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Examining Appalachia through the Eberly Roundtable

 lupe davidson Written by Lupe Davidson, Eberly's Associate Dean for Social Justice, Faculty Development and Innovation and a Woodburn Professor of Women’s and Gender Studies.

In 2021, the Eberly College of Arts and Sciences invited faculty, staff, students and the entire Mountaineer community both near and far to the first annual Eberly Roundtable. The Eberly Roundtable creates an environment to examine and discuss critical issues like race, rurality, the changing nature of work, indigeneity and displacement, immigration, poverty and economic precarity from an Appalachian standpoint. It explores these issues outside of stereotypical representations of some books, scholarship and news reporting on Appalachia.
Most often, discussions about race, place and identity are driven by “elite,” private institutions on either coast. Voices from Appalachia are often silenced or dismissed from these conversations. Nevertheless, Appalachia is a region steeped in pride and brimming with creativity. Appalachia also possesses a rich cultural and intellectual legacy producing artists like Bill Withers (Slab Fork, West Virginia) and prominent academics like bell hooks (Hopkinsville, Kentucky) and Henry Louis Gates, Jr (Keyser, West Virginia) who have added significantly to the nations discourse and heritage. The Eberly Roundtable seeks to amplify Appalachia’s centrality, Appalachian voices, and Appalachia’s importance in national discussions. 
Organized by Dr. Maria del Guadalupe Davidson, Woodburn Profess of Women’s and Gender Studies and Associate Dean for Faculty, the theme of the first Roundtable was race, place, and identity. This two-day transdisciplinary event brought together academic and public scholars, artists, and intellectuals to discuss blackness, black identity, black agency, and black presence in Appalachia.

Day one featured Dr.William H. Turner and the launching of his book The Harlan Renaissance: Stories of Black Life in Appalachian Coal Towns (WVU Press, 2021).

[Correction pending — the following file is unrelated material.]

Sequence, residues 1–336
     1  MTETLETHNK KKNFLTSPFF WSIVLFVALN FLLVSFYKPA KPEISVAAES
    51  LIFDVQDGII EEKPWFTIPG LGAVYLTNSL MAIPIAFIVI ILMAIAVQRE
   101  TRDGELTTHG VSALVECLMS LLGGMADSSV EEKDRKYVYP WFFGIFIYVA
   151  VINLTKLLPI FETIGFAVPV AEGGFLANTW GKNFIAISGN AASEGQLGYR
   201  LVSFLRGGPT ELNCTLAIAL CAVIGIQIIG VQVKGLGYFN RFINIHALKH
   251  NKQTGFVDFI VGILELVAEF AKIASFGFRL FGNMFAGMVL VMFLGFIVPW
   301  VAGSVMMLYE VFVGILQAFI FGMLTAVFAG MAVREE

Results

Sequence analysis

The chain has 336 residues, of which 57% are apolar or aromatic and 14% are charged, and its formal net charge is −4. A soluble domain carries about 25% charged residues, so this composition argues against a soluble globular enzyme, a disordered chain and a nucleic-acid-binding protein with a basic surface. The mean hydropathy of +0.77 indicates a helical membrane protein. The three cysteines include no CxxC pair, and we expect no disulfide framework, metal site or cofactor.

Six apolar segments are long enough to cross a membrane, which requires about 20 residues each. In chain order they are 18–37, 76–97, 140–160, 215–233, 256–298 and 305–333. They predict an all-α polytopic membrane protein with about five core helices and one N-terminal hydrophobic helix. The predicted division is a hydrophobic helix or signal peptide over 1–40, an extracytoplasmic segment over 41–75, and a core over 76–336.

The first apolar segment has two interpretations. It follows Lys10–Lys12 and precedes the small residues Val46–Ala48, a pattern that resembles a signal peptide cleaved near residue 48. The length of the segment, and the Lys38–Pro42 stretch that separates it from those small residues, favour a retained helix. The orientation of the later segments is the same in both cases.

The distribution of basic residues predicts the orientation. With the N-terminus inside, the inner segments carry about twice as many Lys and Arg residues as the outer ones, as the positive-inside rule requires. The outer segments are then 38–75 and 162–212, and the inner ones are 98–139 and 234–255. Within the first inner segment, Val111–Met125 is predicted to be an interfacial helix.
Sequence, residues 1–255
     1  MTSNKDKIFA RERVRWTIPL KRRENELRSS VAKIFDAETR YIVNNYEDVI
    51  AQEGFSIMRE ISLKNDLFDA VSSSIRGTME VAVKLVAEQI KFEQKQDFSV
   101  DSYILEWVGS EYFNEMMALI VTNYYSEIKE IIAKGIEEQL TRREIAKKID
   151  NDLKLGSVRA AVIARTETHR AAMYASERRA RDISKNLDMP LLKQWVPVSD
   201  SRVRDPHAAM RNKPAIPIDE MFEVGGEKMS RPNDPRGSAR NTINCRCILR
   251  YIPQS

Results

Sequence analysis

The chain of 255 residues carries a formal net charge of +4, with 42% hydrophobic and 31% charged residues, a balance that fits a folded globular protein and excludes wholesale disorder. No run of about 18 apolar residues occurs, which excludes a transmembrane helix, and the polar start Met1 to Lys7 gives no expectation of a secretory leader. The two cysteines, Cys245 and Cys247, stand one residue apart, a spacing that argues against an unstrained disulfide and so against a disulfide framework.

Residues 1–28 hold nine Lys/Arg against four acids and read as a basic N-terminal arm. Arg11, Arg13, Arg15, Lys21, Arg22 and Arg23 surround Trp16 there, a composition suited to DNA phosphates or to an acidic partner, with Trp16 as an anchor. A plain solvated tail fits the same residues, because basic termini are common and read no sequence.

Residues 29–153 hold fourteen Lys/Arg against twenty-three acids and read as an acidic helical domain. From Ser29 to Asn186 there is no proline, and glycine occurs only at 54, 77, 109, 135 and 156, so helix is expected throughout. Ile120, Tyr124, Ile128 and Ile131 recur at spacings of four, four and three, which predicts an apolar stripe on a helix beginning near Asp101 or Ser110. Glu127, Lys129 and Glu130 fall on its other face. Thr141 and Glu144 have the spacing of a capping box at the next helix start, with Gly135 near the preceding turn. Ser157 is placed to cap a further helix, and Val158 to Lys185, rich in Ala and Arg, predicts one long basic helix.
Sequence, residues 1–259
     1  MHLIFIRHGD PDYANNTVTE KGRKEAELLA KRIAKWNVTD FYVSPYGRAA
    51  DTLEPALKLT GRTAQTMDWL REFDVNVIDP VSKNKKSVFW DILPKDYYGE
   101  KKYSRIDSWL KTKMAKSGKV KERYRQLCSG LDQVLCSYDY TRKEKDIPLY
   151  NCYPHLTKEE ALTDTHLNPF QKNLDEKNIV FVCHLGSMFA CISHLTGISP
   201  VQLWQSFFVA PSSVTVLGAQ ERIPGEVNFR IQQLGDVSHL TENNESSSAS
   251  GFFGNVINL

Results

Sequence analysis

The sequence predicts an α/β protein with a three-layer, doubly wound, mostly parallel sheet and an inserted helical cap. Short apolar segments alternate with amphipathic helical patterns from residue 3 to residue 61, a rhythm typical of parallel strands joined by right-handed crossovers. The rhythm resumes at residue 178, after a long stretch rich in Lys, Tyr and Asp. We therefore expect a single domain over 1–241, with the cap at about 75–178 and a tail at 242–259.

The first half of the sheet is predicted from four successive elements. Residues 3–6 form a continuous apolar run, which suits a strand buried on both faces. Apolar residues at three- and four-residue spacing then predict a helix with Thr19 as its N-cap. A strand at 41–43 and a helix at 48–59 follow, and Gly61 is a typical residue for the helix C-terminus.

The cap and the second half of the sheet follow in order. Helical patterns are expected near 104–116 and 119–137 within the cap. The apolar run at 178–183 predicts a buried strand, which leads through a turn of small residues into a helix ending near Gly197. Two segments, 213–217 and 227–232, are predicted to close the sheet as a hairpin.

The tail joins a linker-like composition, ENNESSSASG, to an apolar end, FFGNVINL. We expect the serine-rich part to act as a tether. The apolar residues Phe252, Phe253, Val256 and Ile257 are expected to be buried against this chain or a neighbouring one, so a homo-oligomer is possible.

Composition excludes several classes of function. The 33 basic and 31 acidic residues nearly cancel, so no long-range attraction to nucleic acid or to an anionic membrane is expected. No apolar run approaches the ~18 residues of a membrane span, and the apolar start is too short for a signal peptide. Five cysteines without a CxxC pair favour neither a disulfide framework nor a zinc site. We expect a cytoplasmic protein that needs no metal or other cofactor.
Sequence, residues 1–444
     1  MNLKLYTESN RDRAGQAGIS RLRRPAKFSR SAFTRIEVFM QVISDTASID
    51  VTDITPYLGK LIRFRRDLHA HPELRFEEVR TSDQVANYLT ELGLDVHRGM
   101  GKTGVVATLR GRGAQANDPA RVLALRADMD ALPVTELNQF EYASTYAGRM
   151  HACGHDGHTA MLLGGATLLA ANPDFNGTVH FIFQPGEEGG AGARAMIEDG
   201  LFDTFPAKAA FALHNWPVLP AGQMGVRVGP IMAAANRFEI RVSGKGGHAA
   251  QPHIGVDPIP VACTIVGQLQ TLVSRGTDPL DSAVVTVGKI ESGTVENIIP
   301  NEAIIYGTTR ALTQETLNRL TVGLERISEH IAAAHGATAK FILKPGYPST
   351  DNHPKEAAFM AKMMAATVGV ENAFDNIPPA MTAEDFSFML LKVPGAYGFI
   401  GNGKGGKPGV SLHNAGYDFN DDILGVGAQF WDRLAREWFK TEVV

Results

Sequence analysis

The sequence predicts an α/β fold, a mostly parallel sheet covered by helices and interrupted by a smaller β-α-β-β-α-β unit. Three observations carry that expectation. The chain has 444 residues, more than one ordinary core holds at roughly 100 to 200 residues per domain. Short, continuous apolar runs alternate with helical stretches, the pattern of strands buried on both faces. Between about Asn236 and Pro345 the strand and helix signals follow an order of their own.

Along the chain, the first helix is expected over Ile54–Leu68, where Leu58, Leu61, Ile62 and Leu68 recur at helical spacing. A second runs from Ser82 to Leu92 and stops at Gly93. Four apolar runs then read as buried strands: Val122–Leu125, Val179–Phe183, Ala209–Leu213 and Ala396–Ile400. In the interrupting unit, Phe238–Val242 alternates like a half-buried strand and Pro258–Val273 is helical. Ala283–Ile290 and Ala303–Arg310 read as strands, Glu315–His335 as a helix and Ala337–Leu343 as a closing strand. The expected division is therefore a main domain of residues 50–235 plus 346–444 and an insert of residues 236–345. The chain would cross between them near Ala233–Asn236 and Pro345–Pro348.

Day two featured five 90-minute roundtable discussions on a wide range of topics that explored black presence, black being, and black resistance in Appalachia. Roundtable presenters and respondents were chosen from different academic disciplines to encourage rich, creative, and generative conversations.
The event ended with a performance by folk performers Sparky and Rhonda Rucker and a poetry reading by Prof. Renee Nicholson and West Virginia Poet Laurate Mark Harshman. 
The 2022 Eberly Roundtable theme of labor links the research interests of our academic community with the needs of our region. It is being organized by Scott Davidson, Professor of Philosophy, and Dr. Jessica Wilkerson, Associate Professor and Joyce and Stuart Robbins Chair of History.
This year’s featured speaker will be the historian Dr. Joe Trotter. Dr. Trotter is a leading scholar in the field of black labor in Appalachia, and he will speak about his recently published book African American Workers and the Appalachian Coal Industry (WVU Press, 2022).
A full day of interdisciplinary panels on labor issues will be linked by several broad themes. One is the contrast between hyper-visible and invisible forms of labor, for example, between coal mining and invisible labor in service industries. Cultural labor sometimes reinforces and magnifies well-established conceptions of labor, with the John Henry legend as a case in point. But new scholarship can also help to us to think about a familiar story in ways that speak to the present. Accordingly, one panel will examine the benefits and risks of “John Henryism”, in which individuals feel compelled to overwork and overachieve. Cultural labor can also help new stories to be told. The effort to make invisible forms of labor visible is evident in the work of the Appalachia-based scholar, bell hooks. Honoring her legacy, panelists will discuss the various ways in which her work draws needed attention to diverse forms of labor and experiences in Appalachia that are often overlooked and unacknowledged.
Another panel theme involves the social reproduction of labor in which the past replicates itself in the present and future. One panel will situate this process in the context of the construction of prisons on the sites of former mining communities, while another roundtable discussion between scholars and community members will discuss what the future labor movement looks like in comparison with its past. In addition to the panels, this year’s event will include an interactive gallery with exhibited art, community organizations, information, and much more.
To envision an alternative future, we need to reconceptualize who is a laborer, what they do, and where they are. The second annual Eberly Roundtable will engage attendees in a process of reimagining labor’s future driven by a better understanding of labor in the present.